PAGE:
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Lethbridge Herald Newspaper Archives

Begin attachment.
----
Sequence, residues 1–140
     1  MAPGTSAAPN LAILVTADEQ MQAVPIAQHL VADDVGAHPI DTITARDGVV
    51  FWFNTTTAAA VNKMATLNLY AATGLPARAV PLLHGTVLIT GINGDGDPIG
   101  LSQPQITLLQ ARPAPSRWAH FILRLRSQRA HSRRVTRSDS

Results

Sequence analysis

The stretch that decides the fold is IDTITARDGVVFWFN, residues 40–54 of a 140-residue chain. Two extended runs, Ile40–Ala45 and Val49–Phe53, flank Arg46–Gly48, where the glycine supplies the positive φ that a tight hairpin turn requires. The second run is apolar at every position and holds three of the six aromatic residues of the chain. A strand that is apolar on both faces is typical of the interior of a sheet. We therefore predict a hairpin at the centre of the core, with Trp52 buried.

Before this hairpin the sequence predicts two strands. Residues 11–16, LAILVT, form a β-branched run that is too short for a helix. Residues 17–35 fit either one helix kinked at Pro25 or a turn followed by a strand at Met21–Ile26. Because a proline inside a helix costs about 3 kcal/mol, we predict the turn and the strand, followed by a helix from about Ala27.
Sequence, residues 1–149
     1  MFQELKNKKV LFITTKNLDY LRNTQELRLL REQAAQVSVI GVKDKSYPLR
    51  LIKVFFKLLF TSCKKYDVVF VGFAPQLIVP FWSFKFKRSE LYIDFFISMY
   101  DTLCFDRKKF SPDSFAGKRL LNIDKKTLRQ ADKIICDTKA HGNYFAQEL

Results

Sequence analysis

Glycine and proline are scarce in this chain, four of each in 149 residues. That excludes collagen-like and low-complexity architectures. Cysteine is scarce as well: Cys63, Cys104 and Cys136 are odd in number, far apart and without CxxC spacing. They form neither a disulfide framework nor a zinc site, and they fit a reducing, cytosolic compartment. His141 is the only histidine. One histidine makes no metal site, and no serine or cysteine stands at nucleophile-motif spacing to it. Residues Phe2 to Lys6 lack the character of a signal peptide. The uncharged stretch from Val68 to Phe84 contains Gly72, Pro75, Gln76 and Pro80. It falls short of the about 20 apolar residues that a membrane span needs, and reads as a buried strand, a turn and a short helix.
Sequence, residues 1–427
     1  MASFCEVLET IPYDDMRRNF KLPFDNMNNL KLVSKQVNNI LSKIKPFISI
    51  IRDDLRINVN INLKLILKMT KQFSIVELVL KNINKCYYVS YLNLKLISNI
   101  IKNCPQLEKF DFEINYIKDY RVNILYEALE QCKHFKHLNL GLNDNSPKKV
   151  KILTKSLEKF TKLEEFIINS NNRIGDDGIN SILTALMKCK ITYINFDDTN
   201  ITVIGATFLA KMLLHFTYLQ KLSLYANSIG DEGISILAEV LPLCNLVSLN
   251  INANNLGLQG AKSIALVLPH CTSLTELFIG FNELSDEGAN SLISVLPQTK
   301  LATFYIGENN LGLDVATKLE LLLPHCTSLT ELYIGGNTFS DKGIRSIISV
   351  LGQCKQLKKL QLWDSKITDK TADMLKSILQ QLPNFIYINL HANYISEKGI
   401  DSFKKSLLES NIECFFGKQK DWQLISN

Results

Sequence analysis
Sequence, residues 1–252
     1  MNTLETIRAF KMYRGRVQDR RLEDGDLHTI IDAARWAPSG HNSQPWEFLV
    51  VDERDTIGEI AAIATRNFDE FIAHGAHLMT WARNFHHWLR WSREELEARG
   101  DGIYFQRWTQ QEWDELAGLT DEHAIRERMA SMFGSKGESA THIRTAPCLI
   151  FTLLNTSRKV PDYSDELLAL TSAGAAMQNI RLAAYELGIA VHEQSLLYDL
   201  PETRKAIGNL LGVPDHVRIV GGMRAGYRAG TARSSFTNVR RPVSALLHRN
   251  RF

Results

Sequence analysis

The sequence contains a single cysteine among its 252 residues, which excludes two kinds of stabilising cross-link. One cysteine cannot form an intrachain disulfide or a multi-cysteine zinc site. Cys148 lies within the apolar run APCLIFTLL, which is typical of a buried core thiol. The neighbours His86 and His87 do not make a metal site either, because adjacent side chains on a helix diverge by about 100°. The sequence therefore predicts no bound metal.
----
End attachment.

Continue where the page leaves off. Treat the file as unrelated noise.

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Lethbridge Herald, The (Newspaper) - June 23, 1972, Lethbridge, Alberta THE lETHBRIDGE HERMO Friday, Juno 23, 1971 Women hamstrung by fear of success MONTREAL (CP) North American women are crippled by a fear of doing well hul are confused and resentful of a tradition that has taught them they are little more than imper- fect males, a symposium of women psychologists was told here. Papers presented by women psychologists to an independ- ent symposium at the Canadian Psychological Assoc i a t i o n meeting said that understand- ing of these conflicts in women is hamstrung by meagre and often one-sided research. The symposium, financed by contributions from participants, was sparked by unsuccessful at- tempts by women psychologists to have research specifically 3s... picking her up after work, about women included on the official CPA program. The CPA program committee urned down two papers on women last year saying they vould not fit into any sched- uled discussion. This year they ejected a suggestion that an entire symposium be devoted to research on women on grounds hat they had already turned down suggestions for sympos- '.ums on even more eslablished fields of research. Dr. Virginia Douglas, past president of the CPA, told the women's symposium that changes are coming, partly irompted by the women's liber- ation movement and a new at- :itude among some mothers to aring up their daughters to be different from themselves. "There are still those who live through their children as shown by reports on why neo- pie have children in the first place. But children are being allowed independence to de- velop, "Perhaps the secret is to show girls they can be mother but also can do other things even though they may have to pay a she said. DOUBLE DUTY During the "Miles for Mil- lions" marches which take place in various cities across Canada, Unitarian S e r v i ce Committee volunteers give un- stintingly of their time and en- as organizers and workers. In making this contribution they benefit both the USC and their respective communities. USC Headquartres is at 56 Sparks Street, Ottawa. LEISTER'S MUSIC LTD. Campus Corner ivmqt Friendly country beavers ready to lend helping hand By BERNICE HEKLE Lethbridge Community College Many of us may have thought that with the. ending of regular college classes, the college closed its doors and waited for us to all come back again in September before it became busy again. But this is not so. While many of us were through our college classes in April, the LCC nurses had a much longer session. First year Burses will be in Claresholm until the end of June. The work in Claresholm has been their first exposure to a psychiatric unit. It also gave them an opportunity to prac- tise communication skills with patients at the hospital. The second year nurses have already completed two weeks of nursing at the Alberta hos- pital in Ponoka and a training session of four days a week at St. Mike's, doctors' offices, eludes or day care centres with one day a week in classroom study, since the regular classes ended in April. Their regular two-year pro- gram ends June 30. Then they begin a scries of intensive re- views in preparation for writ- ing their registered nurse exams in mid-August. The first year nurses are lucky enough to have a brief summer recess before they come back again in September. Paul Shaw will be the col- lege's first male nursing grad- uate to write his finals since the nursing program began at LCC three years ago. The data processing work- shop for teachers begins Mon- day and lasts until July 7. Whether they were eight or 55 didn't seem to matter to those who enrolled in the horse- manship course at LCC. The course was quite successful with the most interest in the advanced and beginners' divi sions. A five-year-old who has never ridden before is already enrolled for the next session. The college is sponsoring an Outdoor Recreation and Con- servation Education summei school study, as well as a Wild- land Recreation and Outdoor Education program at Wcstcas- tle for anyone who is over 17 and has a high school diploma. These courses will provide practical training and expe- rience in wildland recreation by involving the students in a 14 day outdoor experience in the Alberta foothills and Rockies. Students may select one of three programs or approaches to the two courses. The courses involve cross- county Mking climbing, trail hiking, canoeing and natural history study. The first section begins July 3. 0 The college is also working in conjunction with the civic cen tre to bring enjoyment like hik ing and canoeing to the young er set of people between eigb and 14. Those who are planning to gc back in September might be wise to contact the college ant pick up a satellite calendar am a general information calendai just to check course require- ments. As registrations are running 10 per cent ahead of last yea: this could be a great year. I recent report from social con venor Cathie Reti indicates tha fresh week plans are already being organized and gatherec for a series of events to tak< place the beginning of Septem ber to kick off the fall term. COMING EVENTS ROYAl LIPIZZAN STALUOMS OF AUSTRIA EXHIBITION PAVILION THURSDAY AND FRIDAY, JUNE 29 AND 30-8 P.M. ANNE CAMPBELL SINGERS NEW IP "THE CAMPBEUS ARE COMIN" GARNET SWEAT SHIRlS now in slack, n nn All iriei. While they lait X.77 LEARN TO PLAY A GUITAR THIS SUMMER Over 75 different makes and models Brand name fine quality instrument! Volume purchasing allows us to sell of lower prices 30 day adjustment and warranty on oil new guiton, maintain our own repair shop) Excellent stock of strings, cases, accessories, bools, etc. SUPPLY DEPIETES SIZE DANA (Meal for smaller lyl OC beginner) Reg. 24.00. Now I4.7J -YAMAKI AND YAMATO FOIK GUITARS" CO np Reg. ID 70.00. Now.......................37.95 -SUZUKI FOLK. Reg. 49.95. Now 45.00 COMPARE BEFORE YOU PURCHASE By JUDE TURIC Herald Stair Writer The days of lending a help- ing hand to your neighbor aren't quite dead. Friendliness and pulling to- gether are traits that are alive and well in a farming and rancliing community south of the town of Fort Macleod. The Country Beavers Club was formed in July of 1948, and began as n social club for occasional get-togethers among the farm women in the area. "The idea for the country beavers started as a s o c i a said Harriet Purdy, "not as a working group. "Then we began to cater to weddings and showers in the group, and from there it kept on going." Mrs. Purdy, who has been a member since its beginning, said the club first met in the homes of Hie members, and did much handicraft wliile visiting with each other. "We often go out into tbe community ami call on new she said, "and often this is the only way lhat many of the women get away from the farm." For several years, the coun- try beavers have extended their work into serving the community at large. "We cater lo wedding ban- said Mrs. Purdy, "but tisuaily for the children of the members, and we give show- ers loo." Socials are sponsored annual- r of local n THE ODDS ARE EVEN How come weekend weather is so miserable? Betcha we won't be seeing weather like Ihese youngsters are enjoying at least until next Monday. But what better way is there to enjoy a rare summer's day than to strip down to the bore essentials and charge through somebody's lawn Kerber, photo How to save money LEISTERS MUSIC LTD. PARAMOUNT THEATRE BIDG., IETHBRIDGE Shopping for food bargains A little knowledge can easily save you several dollars a month. According to the authors -of the Cornell University Exten- sion publication Be a Better Shopper Buying in Super- markets you are probably spending as much as one third of your total food dollar in the purchase of meat, poultry, fish, and eggs. Since this is more than any other amount spent on a single category of foods, it is a good idea to pause and consi- der before you select the main courses for your meals next week. Dr. Heinz B. Biesdorf, asso- ciate professor at Cornell Uni- Mrs. Mary Ellen Burris, former home economist for New York State, authors of Be a Better Shopper, can show you how to save from 10 to 20 per cent on your weekly food budget. The buying of meat is just one of the important topics in this publication. Learn to buy at the right time. This will not only save you money but permit you to eat well on what you spend. Since stores always feature meat, poultry; and fish in their weekly newspaper specials, plan meals to make the best use of those foods sold at lower prices. Chuck roast is probably the most popular beef special that appears in ads for end-of-the- week sales. If you have become a little tired of pot roast and warmed over pot roast, try cut- ting steaks from the next blade chuck roast you buy. Cut a blade chuck roast so it will provide the main dish for two different meals. There is an eye muscle in the roast, a nearly circular piece ad jscent to the rib' bone. It is usually the largest piece cf sol- id meat in the roast. Actually it is the front end of the large muscle that is in porterhouse, T-bone, and club steaks. It is also the same muscle that makes up the very desirable rib roast. True, by the time it gets to the chuck it isn't very large, but it is still tender. Cul out this muscle from the rest ol the roast and split it to make two thick slcaks for broiling or three or four thinner steaks foi pan-bnoiling. For a second meal, cut the remaining meat away from the bones and then cube it for beef k a b o b s, beef stroganoff, or stew. Another alternative is to roll and tie the remaining meat into a boneless rolled pot roasl for easy carving. Or grind up the boneless meat and make your own ground chuck. Final- ly, put the bones into a pot to boil up for soup stock. About four cents a pounc may be added to the price o! chicken if you buy a cut-up birc instead of doing it yourself And this is the. price for the whole chicken cut up, not jus1 package of all breasts or all egs, which will be much more lian four cents a pound higher, j e a r n to cut one into pieces and save four cents a pound. On a three-pound fryer, four cents a pound comes to a 32- cent saving on just one very small bird. You probably have noticed that centre cut pork chops do not always look the' same; some have no tenderloin, some have a little, and others have quite a large piece. As chops are cut nearer the loin end of the whole loin, the tenderloin muscle begins to appear and becomes larger. Chops without any tenderloin muscle are taken from the rib end of the centre loin. They are all called 'centre cut" since they all come from the centre of the loin, but sometimes the centre is stretched to include a great deal of both the rib and lin ends but the price usually is the same for all. The trick Is to buy a loin end roast, sliced, instead of the chops. These sliced loin end roasts produce chops that are less expensive than centre cuts. Spread out the roast into individual chops and you will notice the tenderloin muscie extends through all of them Those closer to the end look different from those near the centre, but they all have the same tender meat and as much meat as centre cuts at a much lower price. If centre cuts sell for M cents a pound, loin end roast, sliced, usually sells for about 69 cents a pound. Since you get about four chops to Ihc pound, that's 25 cents a piece for centre cuts and 17 cents apiece for loin end chops. But beware of the rib end roast. Unless the price is sig- nificantly lower, the difference is not sufficient to make it worthwhile. Today, production methods, transportation, and storage have been greatly improved and what used to be available only for a few months of the year is now on the market all year around. Still, there arc some ups and downs in prices. Newspaper ads will keep you informed. When you begin to see lower and lower prices each week for a particular kind of meat or fish, supplies are good and this is a favorable timo lo buy, especially for the freezer. The key to belter value for I your egg money is not the I price in general but the differ- ence between large and me- dium and small eggs. To get the most egg for your money, buy the medium size any time the difference between large and medium eggs is eight cents or more per dozen. Or buy the smaller size If its price Is mots .ban eight cents less than me- dium prices. Generally you wil iind medium or small eggs wil better value in the late summer and early fall, when the prices for all sizes of eggs are fairly high. To make the maximum sav ing possible in the super mar set, follow the system in Be a Better Shopper Buying i Supermarkets. For you can get your own copy of thi publication. Make your chequ or money order payable t Cornell University, fno cash o stamps please) and mail it t Cornell University, Box 191 Dept. A1M2, :thaca, New Yor 14850. A 50th adversary dance of ThR Scandinavian Lodge will be held in the Scandinavian Hall on Saturday, beginning with a supper at 7 p.m. to be follow- ed by the dance. Members and juests welcome. Feature ipeaker will'be Mr. R. Zoiuner, Swedish consul frcm Calgary. The Minus One Club will hold a family picnic at Stan's farm, eight miles east of New Day- ton, on Sunday. Those going are asked to meet at 11 a.m. at the civic centre. Potluck lunch and supper. Alberta Women's Week will be held in Olds, July 4 through 7. The program is open to all women. Children are welcome and supervision will be pro- vided at no extra charge. Fea- tured will be crafts, recreation family living, consumer educa- tion, nutrition and laws of In- terest to women. For further information, contact the Dis- trict Home Economist, or the Home Economics Extension iranch, Alberta Department of Agriculture, Edmonton. t The Kiwanis.Club of Green Acres will hold a family picni on Monday at p.m. In In- dian Battle Park. Members are reminded to bring a baseball mitt for the game. 300 SUNGLASSES to choose from AVAILABLE IN YOUR RX ly by the club and Include t masquerade dance, Halloween dance, and another at New Year. The club serves lunches at auction sales and gives an an- nual turkey said Mrs. Purdy, "and this will be tha tenth year. 'We feed about 300 peo- ple and have a real good turn- out." During club meetings, which are held every third Wednes- day of the month, the mem- bers invite the district horns economist to present a pro- eram, as well as other speak- ers. Membership in the club bas not suffered through the years and Ihere were original- ly 30 members in 1949, there arc 23 now. "Our first president, Mrs. Jean Alcock, is still president said Mrs. Purdy, "and many of the first members are either active, or drop by to visit and chat." BRENDA'S BEAUTIQUE BEAUTY SHOP 922-5 Ave. N. Phone 328-7366 I'm not ealing breakfast now end that is final, Nurse I OFFICE FURNITURE POST OfflCE SOX 938 LETHBRIDGE, ALBERTA Lower Level 7th Street Shopping Mall 316 7th St. South Phone (403) 328-7411 Pretident STAN WORBOYS U hill's impoHaul about tomorrow is today. Today has its problems, but it's still a good world we live in. And tomorrow? That's up to all of us. Because to build a better tomorrow, we have to start right now. We have to think about things like family life, ihc underprivileged, and education. The Commission on Educational Planning has spent almost three ye.irs studying today's Alberta, Albertans, and Alberta's educa- tional system. And the Commission has much to say about tomorrow. It's all in a book tilled A Choice of Futures. What should we do today about tomorrow? Start by reading A Choice of Futures. Then decide for yourself. Mjil 111 a coupon to Dir Trdturtr la Qvttn't TrinErr lor AftftH 1U10 7JG 2K S. clor book iboul Si.CO or [r.or.ryoljrr pyjble ALSO AVAILABLE AT AU. SAFEWAY OUT. LETS. DEPARTMENT STORES AND BOOK- SELLERS THROUGHOUT ALBERTA. ;